This November I will be voting in favor of the $5 million bond to fund the Land for Maine’s Future program. Land for Maine’s Future helps conserve working farms, productive forestlands, commercial waterfronts, recreational areas and valuable wildlife habitat. The program also helps ensure public access to dozens of water bodies and hundreds of thousands of acres of forestland. These farms, woods and waters are the heartbeat of Maine’s natural resource-based economy.
My business and others like it benefit from projects funded by Land for Maine’s Future. The program helps to guarantee public access to Maine lands for hunting, hiking, fishing and many other uses, as well as ensuring that snowmobile trails in the Moosehead region and across the state remain open. Outdoor recreation and tourism is fundamental to our state, and every $1 invested in land conservation through the program returns an impressive $11 in natural goods and services to the Maine economy. It is critical to ensuring that guides, sporting goods stores, motels and restaurants that depend on public access to waters and lands can prosper.
In 2004 Land for Maine’s Future funds helped the state purchase 47,000 acres surrounding the headwaters of the St. John River and Seboomook Lake for enjoyment and use by the people of Maine and our visitors, forever. These state-owned lands, known as the Seboomook Unit, offer some of Maine’s premier waters for trout and salmon fishing, as well as opportunities for hiking, skiing, hunting, paddling, camping and wildlife viewing. Snowmobile trail ITS 112, which winds northeast to the North Branch of the Penobscot River and around Moosehead Lake, traverses the state-owned parcel.
Vast tracts of undeveloped lands are the calling card for the Maine North Woods and attract visitors every year from around the world to places like the Moosehead Lake region. Maintaining and improving public access to lands like the Seboomook Unit are a critical issue for small businesses that depend on the influx of recreation and tourism dollars into our communities.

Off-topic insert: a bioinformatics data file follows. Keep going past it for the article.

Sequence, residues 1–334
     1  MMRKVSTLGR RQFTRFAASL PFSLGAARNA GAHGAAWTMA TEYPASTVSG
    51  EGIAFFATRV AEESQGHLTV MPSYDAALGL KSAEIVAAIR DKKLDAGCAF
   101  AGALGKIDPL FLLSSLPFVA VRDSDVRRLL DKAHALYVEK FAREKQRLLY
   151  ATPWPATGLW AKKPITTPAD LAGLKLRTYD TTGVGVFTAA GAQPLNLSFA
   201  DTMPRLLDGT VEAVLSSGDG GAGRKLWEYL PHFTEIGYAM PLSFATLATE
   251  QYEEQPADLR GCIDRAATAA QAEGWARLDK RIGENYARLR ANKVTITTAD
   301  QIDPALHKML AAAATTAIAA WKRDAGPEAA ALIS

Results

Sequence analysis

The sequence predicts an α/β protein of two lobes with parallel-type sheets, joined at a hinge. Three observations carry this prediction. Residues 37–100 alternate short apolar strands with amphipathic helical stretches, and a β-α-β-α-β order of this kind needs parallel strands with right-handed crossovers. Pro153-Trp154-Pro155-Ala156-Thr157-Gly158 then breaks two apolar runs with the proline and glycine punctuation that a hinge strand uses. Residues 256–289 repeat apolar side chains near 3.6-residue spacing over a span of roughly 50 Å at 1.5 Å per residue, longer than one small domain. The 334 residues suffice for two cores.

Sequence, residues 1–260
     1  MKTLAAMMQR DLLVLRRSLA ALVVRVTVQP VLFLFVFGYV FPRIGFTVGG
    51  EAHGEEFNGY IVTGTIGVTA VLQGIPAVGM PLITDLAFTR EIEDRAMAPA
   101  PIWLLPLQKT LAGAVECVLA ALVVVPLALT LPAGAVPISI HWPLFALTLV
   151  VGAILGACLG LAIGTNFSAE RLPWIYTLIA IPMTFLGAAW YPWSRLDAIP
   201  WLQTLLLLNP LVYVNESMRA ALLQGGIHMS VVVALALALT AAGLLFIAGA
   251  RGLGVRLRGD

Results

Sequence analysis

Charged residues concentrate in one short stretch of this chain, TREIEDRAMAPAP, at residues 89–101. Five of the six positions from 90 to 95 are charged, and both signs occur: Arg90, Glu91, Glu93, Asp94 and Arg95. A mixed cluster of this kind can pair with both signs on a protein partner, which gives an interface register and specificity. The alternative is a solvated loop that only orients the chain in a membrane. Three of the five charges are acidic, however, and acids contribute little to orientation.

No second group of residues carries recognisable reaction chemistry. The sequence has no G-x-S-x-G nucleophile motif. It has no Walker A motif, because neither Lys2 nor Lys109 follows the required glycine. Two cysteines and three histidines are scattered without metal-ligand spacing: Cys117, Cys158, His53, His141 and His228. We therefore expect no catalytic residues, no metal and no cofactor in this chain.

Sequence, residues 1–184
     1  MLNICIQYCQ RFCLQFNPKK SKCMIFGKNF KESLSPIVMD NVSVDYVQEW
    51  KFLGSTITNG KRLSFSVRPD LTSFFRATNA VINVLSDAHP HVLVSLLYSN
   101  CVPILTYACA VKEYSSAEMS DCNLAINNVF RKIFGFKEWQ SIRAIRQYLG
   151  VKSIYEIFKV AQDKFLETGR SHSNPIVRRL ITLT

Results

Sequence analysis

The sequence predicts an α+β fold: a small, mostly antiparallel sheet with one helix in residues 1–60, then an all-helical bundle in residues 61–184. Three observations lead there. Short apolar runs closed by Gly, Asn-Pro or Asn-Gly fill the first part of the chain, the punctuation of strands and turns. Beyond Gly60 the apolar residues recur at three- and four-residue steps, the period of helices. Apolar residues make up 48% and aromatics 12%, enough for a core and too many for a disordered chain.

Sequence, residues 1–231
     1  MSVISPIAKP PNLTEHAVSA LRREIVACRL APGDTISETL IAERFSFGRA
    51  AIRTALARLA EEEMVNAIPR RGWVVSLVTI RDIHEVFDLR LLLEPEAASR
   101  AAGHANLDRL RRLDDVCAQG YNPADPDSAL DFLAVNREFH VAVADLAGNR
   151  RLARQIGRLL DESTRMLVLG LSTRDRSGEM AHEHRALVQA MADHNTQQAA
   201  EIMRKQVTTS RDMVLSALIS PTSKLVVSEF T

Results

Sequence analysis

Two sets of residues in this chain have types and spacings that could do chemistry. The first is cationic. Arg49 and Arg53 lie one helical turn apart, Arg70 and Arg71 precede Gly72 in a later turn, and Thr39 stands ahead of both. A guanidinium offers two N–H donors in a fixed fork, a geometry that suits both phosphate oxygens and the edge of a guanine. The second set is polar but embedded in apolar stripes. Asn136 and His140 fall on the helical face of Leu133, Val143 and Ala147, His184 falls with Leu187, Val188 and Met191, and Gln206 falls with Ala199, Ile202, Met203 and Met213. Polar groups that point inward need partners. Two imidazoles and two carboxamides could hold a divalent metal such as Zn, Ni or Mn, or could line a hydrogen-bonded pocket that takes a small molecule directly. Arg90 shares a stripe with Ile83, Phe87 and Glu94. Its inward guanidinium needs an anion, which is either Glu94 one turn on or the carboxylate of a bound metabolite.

An ongoing project on the north end of Moosehead Lake — the Moosehead-Seboomook Inholding Project — is an example of why sustaining the LMF bond is so important. Because of generational changes, the landowning family must sell an 81-acre parcel with two miles of undeveloped shoreline. The parcel, which is near the historic North East Carry, provides important habitat for adult brook trout and public opportunities for fishing, water access camping and picnicking. The landowners are interested in selling their property to the state Division of Parks and Public Lands at a bargain-sale price, to be added to the Seboomook Unit.
Adding the private inholding to the state-owned lands would secure permanent public access rights and improve recreational opportunities to the adjacent unit. This parcel could offer an important refuge from lake-shore winds for snowmobilers and ice fishermen recreating at the northern end of Moosehead. The Northern Forest Canoe Trail, a 740-mile route that links the waterways of New York, Vermont, Quebec, New Hampshire and Maine, has identified the parcel as being in an excellent location for a water access campsite. Unfortunately, the Land for Maine’s Future program has committed its dwindling available funds and cannot consider this project.
A vote in favor of the Land for Maine’s Future bond will help re-fund this program, so projects like the Moosehead-Seboomook Inholding can move forward. Creating new opportunities for year-round recreational use, as well as permanently securing traditional access points for fishing, paddling, camping and hunting are strategic investments in the future of our state and small businesses. Help keep the Land for Maine’s Future program and Maine businesses strong by voting in support of the land and water conservation on Nov. 6.
Amy Lane owns Gray Ghost Camps in Rockwood.